In general, I find I can add a little bit of carbs as long as they’re not processed and still do ok, like fruit or vegetable carbs. Those tend to match up with the insulin and cancel each other out. Whereas the complex carbs are what give me a headache with their long life span. Processed food carbs are the worst because they increase my insulin resistance for the entire day and totally make me gain weight in the long run. I really limit those if I want to stay sane :)

Well this is me just sharing some thoughts that have been long brewing. Thanks for reading. And if you have thoughts, please, I’m all ears.  Also, I could use food suggestions, I love changing things up!

Have a great weekend!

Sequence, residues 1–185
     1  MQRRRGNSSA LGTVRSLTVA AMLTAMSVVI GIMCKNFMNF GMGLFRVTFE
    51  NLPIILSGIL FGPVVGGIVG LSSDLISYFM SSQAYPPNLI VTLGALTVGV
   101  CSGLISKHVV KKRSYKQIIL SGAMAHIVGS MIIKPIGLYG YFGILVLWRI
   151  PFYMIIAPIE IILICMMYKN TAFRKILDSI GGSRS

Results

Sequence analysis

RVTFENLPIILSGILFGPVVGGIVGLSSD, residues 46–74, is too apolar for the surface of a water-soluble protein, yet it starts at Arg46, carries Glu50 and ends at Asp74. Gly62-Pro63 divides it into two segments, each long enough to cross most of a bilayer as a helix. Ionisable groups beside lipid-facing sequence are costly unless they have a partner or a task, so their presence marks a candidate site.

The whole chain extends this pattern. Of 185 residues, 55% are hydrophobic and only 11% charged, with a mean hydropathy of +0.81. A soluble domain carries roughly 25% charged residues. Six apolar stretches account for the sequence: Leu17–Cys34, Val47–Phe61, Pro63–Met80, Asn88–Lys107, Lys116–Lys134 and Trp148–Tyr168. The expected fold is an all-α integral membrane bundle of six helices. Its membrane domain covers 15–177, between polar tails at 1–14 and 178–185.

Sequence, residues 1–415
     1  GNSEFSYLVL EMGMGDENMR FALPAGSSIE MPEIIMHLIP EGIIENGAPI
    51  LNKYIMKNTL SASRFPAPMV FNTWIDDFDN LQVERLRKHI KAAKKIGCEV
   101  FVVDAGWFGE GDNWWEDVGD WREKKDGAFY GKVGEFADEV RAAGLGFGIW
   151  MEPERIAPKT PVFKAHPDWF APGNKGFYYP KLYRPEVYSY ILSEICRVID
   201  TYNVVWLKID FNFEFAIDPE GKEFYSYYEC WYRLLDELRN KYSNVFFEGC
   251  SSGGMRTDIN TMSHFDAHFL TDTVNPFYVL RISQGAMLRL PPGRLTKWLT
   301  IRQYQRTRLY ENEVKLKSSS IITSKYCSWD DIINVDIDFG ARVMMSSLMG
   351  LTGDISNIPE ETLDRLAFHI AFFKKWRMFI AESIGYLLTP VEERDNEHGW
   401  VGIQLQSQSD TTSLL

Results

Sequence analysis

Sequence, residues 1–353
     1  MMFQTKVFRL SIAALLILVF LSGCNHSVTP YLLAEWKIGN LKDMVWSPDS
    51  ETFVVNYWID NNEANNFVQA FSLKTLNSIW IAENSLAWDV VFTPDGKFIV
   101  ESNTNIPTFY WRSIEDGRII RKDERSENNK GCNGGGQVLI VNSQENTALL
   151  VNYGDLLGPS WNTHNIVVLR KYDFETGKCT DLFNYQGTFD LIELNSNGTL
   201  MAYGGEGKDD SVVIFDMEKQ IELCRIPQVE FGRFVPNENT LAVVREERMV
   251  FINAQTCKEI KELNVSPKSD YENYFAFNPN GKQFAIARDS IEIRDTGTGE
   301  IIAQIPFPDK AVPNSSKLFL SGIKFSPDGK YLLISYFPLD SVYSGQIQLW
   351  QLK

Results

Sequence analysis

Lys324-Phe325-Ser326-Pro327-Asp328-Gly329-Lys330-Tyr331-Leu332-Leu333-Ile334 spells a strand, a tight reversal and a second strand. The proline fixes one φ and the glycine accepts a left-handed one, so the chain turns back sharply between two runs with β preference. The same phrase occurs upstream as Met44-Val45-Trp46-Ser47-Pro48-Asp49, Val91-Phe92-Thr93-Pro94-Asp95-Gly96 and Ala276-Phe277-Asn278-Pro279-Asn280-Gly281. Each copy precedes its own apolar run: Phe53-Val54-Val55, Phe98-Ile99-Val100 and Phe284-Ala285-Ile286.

The Case for Lowering Carbs, Part 2

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So continuing from The Case for Lowering Carbs, Part 1

I often hear/read people remark that so many diabetics have lived decades with 7% and 8% A1c levels and they’re fine. That’s all well and inspiring but I can’t count on that being what will happen to me. How many people with 7% A1c averages are no longer with us because of heart disease? How many people are dealing with complications of diabetes after only two decades with it? Two decades is nothing. To a person diagnosed as a child, a few decades means that their prime of life is going to be rudely interrupted.  Maybe that is why now that I’m done with the high carb needs part of my life that all young people go through, I feel like I really need to buckle down and get blood sugars as close to “normal” as possible.